A lot of times, the anger we feel isn’t about the world. You may start off feeling angry at someone or something, but at the depth of it, it’s anger toward yourself.

Uncover the root of your anger. I have written a five part anger management series on how to permanently overcome anger.

After that, ask yourself: How can you improve the situation? Go to Step #9, where you define your actionable steps. Our anger comes from not having control on the situation. Sitting there and feeling infuriated is not going to change the situation. The more action we take, the more we will regain control over the situation, the better we will feel.

8. See this as an obstacle to be overcome

As Helen Keller once said,

“Character cannot be developed in ease and quiet. Only through experiences of trial and suffering can the soul be strengthened, vision cleared, ambition inspired and success achieved.”

Whatever you’re facing right now, see it as an obstacle to be overcome. In every worthy endeavor, there’ll always be countless obstacles that emerge along the way. These obstacles are what separate the people who make it, and those who don’t. If you’re able to push through and overcome them, you’ll emerge a stronger person than before. It’ll be harder for anything to get you down in the future.

9. Analyze the situation – Focus on actionable steps

In every setback, there are going to be things that can’t be reversed since they have already occurred. You want to focus on things that can still be changed (salvageable) vs. things that have already happened and can’t be changed. The only time the situation changes is when you take steps to improve it. Rather than cry over spilt milk, work through your situation:

  1. What’s the situation?
  2. What’s stressing you about this situation?
  3. What are the next steps that’ll help you resolve them?
  4. Take action on your next steps!

After you have identified your next steps, act on them. The key here is to focus on the actionable steps, not the inactionable steps. It’s about regaining control over the situation through direct action.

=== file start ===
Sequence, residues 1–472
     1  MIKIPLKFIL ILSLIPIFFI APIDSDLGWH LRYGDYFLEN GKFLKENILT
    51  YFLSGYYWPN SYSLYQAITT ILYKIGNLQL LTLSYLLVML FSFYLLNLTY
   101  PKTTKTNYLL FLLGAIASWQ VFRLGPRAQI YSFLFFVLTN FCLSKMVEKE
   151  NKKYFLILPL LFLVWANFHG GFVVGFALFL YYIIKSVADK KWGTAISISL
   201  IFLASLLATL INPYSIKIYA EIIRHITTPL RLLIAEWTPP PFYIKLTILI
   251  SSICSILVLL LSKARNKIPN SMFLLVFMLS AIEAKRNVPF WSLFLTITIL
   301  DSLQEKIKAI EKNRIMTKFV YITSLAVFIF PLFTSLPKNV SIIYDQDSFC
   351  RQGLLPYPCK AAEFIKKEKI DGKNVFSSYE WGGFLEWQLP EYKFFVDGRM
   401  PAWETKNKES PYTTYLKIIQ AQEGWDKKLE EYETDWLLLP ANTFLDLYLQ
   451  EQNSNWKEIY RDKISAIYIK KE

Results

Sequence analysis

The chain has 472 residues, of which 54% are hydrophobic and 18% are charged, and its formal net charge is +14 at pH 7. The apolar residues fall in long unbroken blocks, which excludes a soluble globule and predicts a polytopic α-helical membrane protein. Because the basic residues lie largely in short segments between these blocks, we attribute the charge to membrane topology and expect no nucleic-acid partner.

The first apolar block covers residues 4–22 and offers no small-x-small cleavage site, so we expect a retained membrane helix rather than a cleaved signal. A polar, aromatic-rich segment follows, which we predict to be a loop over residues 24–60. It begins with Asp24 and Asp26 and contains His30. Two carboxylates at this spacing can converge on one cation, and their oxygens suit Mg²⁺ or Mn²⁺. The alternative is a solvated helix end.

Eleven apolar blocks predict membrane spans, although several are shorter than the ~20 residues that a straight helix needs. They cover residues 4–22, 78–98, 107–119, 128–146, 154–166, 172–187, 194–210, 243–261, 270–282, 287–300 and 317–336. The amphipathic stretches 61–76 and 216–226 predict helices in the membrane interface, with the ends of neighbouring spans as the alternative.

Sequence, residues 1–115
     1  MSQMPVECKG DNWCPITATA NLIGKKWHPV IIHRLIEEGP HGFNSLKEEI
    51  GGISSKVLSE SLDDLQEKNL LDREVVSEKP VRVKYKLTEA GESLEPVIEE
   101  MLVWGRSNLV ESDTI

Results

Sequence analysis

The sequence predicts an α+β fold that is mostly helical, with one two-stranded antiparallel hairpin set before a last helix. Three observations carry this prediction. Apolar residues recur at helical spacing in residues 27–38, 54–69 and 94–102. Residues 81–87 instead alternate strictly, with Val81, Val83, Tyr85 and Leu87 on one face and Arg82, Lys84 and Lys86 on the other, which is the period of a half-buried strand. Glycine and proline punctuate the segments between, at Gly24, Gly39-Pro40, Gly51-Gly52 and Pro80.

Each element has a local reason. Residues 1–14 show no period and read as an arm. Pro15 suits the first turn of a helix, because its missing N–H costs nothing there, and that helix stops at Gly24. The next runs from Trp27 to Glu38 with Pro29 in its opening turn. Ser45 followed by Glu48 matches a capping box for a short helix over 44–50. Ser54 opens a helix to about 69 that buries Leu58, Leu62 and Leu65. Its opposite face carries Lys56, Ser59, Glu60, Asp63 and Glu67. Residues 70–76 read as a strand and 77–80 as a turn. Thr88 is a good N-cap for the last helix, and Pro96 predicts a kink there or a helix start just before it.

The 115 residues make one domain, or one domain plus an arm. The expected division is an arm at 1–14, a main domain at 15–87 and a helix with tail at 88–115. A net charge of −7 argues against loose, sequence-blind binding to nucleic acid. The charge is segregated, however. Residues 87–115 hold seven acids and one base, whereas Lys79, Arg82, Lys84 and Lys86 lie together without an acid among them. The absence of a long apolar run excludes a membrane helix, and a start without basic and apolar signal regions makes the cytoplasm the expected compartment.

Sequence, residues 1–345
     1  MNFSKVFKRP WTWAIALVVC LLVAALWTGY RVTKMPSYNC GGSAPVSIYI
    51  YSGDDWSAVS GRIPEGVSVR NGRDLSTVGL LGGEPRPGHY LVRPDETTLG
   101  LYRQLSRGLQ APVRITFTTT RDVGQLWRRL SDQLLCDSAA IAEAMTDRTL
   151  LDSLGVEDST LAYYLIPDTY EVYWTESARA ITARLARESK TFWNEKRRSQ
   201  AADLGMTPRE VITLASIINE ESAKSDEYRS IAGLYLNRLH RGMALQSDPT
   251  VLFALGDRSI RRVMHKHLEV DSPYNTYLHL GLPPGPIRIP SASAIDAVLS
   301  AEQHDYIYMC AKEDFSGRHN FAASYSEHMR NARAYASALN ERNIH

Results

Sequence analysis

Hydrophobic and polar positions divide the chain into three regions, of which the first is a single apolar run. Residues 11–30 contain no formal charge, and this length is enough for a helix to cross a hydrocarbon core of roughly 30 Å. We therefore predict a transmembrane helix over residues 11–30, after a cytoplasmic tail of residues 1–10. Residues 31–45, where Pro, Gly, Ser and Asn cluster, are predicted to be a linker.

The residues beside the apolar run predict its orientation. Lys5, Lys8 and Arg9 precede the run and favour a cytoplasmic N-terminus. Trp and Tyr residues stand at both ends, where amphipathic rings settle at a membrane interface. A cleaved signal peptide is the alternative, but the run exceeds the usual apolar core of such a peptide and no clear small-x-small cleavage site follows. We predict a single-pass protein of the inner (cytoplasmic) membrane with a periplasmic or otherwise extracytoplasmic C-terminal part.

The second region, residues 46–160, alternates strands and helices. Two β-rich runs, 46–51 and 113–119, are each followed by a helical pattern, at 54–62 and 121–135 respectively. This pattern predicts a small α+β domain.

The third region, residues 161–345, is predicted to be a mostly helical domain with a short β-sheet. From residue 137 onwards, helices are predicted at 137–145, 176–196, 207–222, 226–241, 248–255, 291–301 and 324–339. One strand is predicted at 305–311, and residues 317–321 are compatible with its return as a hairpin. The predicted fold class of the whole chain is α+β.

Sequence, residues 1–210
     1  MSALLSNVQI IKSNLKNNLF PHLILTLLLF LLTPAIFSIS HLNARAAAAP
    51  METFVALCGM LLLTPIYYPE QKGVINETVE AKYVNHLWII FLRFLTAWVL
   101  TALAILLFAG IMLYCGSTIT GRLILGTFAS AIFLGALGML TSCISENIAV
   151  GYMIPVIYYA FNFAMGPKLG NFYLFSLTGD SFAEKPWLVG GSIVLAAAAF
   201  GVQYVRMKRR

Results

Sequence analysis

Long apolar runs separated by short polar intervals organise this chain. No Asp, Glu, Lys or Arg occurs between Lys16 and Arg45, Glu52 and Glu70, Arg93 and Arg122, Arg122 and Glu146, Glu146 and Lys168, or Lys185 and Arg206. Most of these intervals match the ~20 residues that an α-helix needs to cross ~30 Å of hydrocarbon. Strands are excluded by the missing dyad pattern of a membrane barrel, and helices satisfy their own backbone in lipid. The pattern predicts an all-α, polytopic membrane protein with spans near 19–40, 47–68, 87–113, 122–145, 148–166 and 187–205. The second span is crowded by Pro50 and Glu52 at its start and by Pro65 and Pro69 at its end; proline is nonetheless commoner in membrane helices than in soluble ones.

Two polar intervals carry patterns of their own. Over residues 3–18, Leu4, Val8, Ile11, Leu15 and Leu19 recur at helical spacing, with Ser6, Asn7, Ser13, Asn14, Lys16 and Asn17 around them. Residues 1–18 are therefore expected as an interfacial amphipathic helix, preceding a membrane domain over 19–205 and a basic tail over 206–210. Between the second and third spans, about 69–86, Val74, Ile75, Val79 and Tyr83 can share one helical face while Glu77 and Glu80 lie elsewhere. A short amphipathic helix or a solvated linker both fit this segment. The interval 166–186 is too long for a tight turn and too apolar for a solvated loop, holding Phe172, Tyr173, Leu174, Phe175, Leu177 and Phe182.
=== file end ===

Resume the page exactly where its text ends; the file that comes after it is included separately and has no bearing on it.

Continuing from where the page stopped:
10. Identify how it occurred (so it won’t occur again next time)

A lot of times we react to our problems. The problem occurs, and we try to make the best out of what has happened within the context. While developing a healthy coping mechanism is important (which is what the other helping points are on), it’s also equally important, if not more, to understand how the problem arose. This way, you can work on preventing it from taking place next time, vs. dealing reactively with it.

Most of us probably think the problem is outside of our control, but reality is most of the times it’s fully preventable. It’s just a matter of how much responsibility you take over the problem.

For example, for someone who can’t get a cab for work in the morning, he/she may see the problem as a lack of cabs in the country, or bad luck. However, if you trace to the root of the problem, it’s probably more to do with (a) Having unrealistic expectations of the length of time to get a cab. He/she should budget more time for waiting for a cab next time. (b) Oversleeping, because he/she was too tired from working late the previous day. He/she should allocate enough time for rest next time. He/she should also pick up better time management skills, so as to finish work in lesser time.

11. Realize the situation can be a lot worse

No matter how bad the situation is, it can always be much worse. A plus point vs. negative point analysis will help you realize that.

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12. Do your best, but don’t kill yourself over it

No matter how bad your situation may seem, do your best, but don’t kill yourself over it. Life is too beautiful to worry so much over daily issues. Take a step back (#1), give yourself a break if you need to (#6), and do what you can within your means (#9). Everything else will unfold accordingly. Worrying too much about the outcome isn’t going to change things or make your life any better.

13. Pick out the learning points from the encounter

There’s something to learn from every encounter. What have you learned from this situation? What lessons have you taken away?

After you identify your learning points, think about how you’re going to apply them moving forward. With this, you’ve clearly gained something from this encounter. You’ve walked away a stronger, wiser, better person, with more life lessons to draw from in the future.

Get the manifesto version of this article: [Manifesto] What To Do When Things Don’t Go Your Way

Featured photo credit: Alice Donovan Rouse via unsplash.com